In <42447730(_dot_)3010200(_at_)ohmi(_dot_)org>, Radu Hociung wrote:
I'm proposing we count calls the the resolver library. Anything else is
In <4244694F(_dot_)3000608(_at_)ohmi(_dot_)org>, Radu Hociung wrote:
Let's call it unchallenged, not correct. It's completely up to the DNS
server implementation whether it sends information it wasn't asked for,
but suspects would be useful. bind9 does send out as much info as
possible, but apparently aol's NS servers do not send the additional
info (do nslookup -debug -type=mx aol.com dns-01.ns.aol.com).
Besides, if an MX contains a list of A records of many
long-host-names-as-MTA-servers.com, there may not be enough room in one
UDP packet the IP addreses of those hosts, and maybe not even enough
room for all the names.
The DNS server truncates the name list, and then round-robin rotates
them, to give the truncated out ones an equal opportunity to serve mail
requests. In this case, there would be no additional records, and each
subsequent A query will generate traffic.
This calls into question the usefulness of your calculations that showed
gigabytes transfered because of a high number of queries performed, er,
"calls to the resolver library".
It is not a one-to-one mapping of "calls to the resolver library" to
"bytes that traverse the public interface", because of the design of the
I'm still trying to figure out if we are concentrating on optimizing the
typical case (normal mail volume) or the atypical case (SPF-doom
One thing that makes the atypical case uninteresting for me is that it
exists ONLY because SMTP lets forgery happen. There will be a
transitioning period where a virus attack that uses the forgery vector
to propagate will be a attempted and it may be a big hit on DNS, but
because the hole has been closed, it won't work or at least won't be as
serious as it would have been with the hole still open (that is, there
will be new problems to solve, rather than revisiting the same ol'
problems again and again). Since the vector of attack is now closed, it
will be useless to attempt to exploit it.
This does not mean that new attack vectors won't be discovered -- such
as an attack against SPF (perhaps indirectly). If that happens,
hopefully the value of anti-forgery will have already been seen, and if
it is difficult, if not impossible, to close that new attack vector,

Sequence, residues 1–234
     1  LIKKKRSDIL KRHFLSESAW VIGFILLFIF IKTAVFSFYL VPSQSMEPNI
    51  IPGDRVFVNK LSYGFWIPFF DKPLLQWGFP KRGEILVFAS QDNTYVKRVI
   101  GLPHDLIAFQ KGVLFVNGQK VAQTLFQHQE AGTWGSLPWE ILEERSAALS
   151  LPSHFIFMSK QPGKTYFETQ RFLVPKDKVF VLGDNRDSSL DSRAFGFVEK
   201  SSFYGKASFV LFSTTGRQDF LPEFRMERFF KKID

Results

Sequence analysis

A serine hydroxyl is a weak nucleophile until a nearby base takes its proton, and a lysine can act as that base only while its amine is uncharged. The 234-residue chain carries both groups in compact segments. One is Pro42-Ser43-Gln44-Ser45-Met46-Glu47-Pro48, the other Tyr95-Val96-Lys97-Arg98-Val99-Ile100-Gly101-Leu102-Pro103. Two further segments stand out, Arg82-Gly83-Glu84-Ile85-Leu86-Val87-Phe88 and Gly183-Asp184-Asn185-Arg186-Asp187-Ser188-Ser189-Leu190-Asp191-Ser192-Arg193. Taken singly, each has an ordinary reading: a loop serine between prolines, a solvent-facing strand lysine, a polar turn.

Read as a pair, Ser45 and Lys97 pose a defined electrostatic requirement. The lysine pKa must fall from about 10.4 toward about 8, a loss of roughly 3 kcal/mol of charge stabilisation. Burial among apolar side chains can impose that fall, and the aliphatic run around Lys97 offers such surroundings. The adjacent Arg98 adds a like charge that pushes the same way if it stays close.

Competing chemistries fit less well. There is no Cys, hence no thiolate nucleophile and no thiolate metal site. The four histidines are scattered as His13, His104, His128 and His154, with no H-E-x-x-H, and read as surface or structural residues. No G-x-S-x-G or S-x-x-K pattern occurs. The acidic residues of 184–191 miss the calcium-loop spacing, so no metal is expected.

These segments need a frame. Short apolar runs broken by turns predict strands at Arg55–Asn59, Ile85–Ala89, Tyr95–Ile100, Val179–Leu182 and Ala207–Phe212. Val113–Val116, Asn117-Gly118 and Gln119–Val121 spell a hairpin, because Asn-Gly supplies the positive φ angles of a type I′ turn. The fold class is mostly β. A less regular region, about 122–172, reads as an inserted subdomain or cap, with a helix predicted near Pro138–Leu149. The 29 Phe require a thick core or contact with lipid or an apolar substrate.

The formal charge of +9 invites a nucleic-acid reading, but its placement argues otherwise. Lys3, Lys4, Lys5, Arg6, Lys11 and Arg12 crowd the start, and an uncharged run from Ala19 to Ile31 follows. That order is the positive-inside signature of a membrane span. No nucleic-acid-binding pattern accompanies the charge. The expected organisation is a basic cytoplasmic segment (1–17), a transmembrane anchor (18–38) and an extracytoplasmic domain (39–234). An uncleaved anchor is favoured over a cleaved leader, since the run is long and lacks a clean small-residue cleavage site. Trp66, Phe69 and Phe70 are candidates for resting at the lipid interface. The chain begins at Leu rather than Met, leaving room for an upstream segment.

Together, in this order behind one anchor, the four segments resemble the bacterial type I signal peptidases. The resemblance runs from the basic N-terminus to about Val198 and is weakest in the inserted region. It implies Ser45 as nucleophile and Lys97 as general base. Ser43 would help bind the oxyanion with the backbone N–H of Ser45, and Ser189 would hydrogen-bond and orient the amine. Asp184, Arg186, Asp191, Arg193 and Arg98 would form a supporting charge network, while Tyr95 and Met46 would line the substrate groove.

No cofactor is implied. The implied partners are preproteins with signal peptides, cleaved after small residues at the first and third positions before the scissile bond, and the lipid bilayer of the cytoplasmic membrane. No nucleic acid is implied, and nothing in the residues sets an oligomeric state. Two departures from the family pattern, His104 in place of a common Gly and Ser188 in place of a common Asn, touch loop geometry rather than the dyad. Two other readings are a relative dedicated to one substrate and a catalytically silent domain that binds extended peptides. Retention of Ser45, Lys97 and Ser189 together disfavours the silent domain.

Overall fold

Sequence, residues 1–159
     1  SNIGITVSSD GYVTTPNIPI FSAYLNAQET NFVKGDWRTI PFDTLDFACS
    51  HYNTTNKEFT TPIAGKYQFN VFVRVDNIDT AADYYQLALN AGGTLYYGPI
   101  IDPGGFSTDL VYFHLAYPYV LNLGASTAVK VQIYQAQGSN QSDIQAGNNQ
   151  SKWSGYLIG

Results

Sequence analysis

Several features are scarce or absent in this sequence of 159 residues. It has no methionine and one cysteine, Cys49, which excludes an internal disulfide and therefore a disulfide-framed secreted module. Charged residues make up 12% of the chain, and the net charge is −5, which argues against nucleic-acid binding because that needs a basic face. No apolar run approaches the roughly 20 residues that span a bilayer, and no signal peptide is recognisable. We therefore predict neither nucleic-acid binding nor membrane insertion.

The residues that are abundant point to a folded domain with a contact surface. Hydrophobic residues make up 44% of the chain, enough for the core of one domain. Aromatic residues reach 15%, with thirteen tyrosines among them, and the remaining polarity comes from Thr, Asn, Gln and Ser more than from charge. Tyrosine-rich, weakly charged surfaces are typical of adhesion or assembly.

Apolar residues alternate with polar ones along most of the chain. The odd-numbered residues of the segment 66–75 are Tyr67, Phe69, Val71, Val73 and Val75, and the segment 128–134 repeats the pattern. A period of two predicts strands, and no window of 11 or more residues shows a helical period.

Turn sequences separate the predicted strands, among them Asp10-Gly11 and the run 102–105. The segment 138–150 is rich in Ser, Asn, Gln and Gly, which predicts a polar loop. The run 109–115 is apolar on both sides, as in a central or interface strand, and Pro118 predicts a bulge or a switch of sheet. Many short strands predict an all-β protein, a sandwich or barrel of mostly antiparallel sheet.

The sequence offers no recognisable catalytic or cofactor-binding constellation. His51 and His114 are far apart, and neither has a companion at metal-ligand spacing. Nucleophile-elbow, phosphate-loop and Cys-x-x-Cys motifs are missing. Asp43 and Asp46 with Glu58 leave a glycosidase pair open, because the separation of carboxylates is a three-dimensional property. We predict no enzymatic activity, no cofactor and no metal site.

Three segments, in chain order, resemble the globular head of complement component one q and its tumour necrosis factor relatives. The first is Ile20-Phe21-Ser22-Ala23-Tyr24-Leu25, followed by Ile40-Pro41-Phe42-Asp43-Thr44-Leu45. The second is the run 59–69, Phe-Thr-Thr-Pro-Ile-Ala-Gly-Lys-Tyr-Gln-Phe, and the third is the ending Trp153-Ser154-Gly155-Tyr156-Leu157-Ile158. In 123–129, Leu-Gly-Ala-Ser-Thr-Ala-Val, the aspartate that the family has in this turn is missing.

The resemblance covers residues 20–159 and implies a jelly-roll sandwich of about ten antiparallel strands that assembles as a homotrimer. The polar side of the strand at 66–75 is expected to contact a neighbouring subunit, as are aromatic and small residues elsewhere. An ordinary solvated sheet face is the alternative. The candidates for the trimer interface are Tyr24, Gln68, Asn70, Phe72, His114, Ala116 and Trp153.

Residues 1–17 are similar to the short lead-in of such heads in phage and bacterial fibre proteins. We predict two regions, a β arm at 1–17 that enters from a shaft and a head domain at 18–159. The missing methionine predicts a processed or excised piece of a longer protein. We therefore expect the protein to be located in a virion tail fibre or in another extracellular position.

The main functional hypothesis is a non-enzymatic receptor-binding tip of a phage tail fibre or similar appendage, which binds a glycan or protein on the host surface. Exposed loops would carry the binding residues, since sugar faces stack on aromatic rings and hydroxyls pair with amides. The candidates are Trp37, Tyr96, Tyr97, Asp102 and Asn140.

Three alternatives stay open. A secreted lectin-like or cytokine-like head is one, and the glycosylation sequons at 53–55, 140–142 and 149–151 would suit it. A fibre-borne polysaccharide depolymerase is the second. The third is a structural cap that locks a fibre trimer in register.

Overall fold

then SPF will be replaced with some other anti-forgery method. We have
not gone back to gopher just because web pages have increased our
bandwidth costs and required our servers to be beefier.
I am perfectly fine with a solution like RMX because I find much of the
SPF syntax to be sugary.
The syntactic sugar makes the SPF publisher's job simple at the expense
of SPF evaluators being more complex. All these dire predictions of
SPF's failure make it seem like weaknesses were purposely built into the
system, and now we're running out of fingers to stick in the dam. I am
not convinced that anything useful can be done to tip the scales in the
other direction (make the evaluation simpler) without losing the
syntactic sugar that helped put SPF ahead of other the proposals that
were/are on the table. How much of SPF's success-so-far is because
anyone can add their records with less than 15 minutes worth of work (if
those records are correct or not is another issue) -- it's this
simplicity that has gotten SPF the mindshare it has.
Please keep in mind that, to me, "a solution like RMX" includes any and
all systems which just list IP addresses of authorized senders, if
that's through an IP list encoded as ASCII in an SPF record using ip4
mechanisms, or an exists: or a: mech that points to a list of valid IPs
or a new RR like RMX.
If compiling SPF records to a list of IPs on a regular basis and putting
them in an SPF record is acceptable, then it is acceptable for ANY other
scheme also, compiling some meta-syntax into a list of RMX records for
All this talk about compiling records puts us back to where we were at
the beginning about needing to do more to/on DNS servers than just add a
record to a zone file, the ease of which is another reason SPF has wide
I think there's a lot of concentration on making everyone happy, and not
enough concentration on the actual problem of reducing forgery. If
people who have traditionally used forgery to send their mail are
inconvenienced under a new scheme, then they'll have to change. This is
the way progress works. There is something to be said for backward
compatibility, but not when the deployment of the backwards compatible
solution makes things worse (which is what Radu's numbers show). SPF is
almost TOO open and free-form, it is capable of describing too many
networks, including badly designed ones, it lets you do many of the
things you shouldn't do just so you don't have to change, and as such,
doesn't provide a migration path to doing things better (using SMTP
AUTH, narrowing your visible outbound mail sources, etc, if those these
are viewed as being "better" than not having them).
Unfortunately, we're here now, so we kind of have to live with what's
been provided. SPF is really starting to look like a dog's breakfast.
It does everything if you use it, and yet if you use it, it does
nothing, or sometimes, even worse than nothing.
Andy Bakun <spf(_at_)leave-it-to-grace(_dot_)com>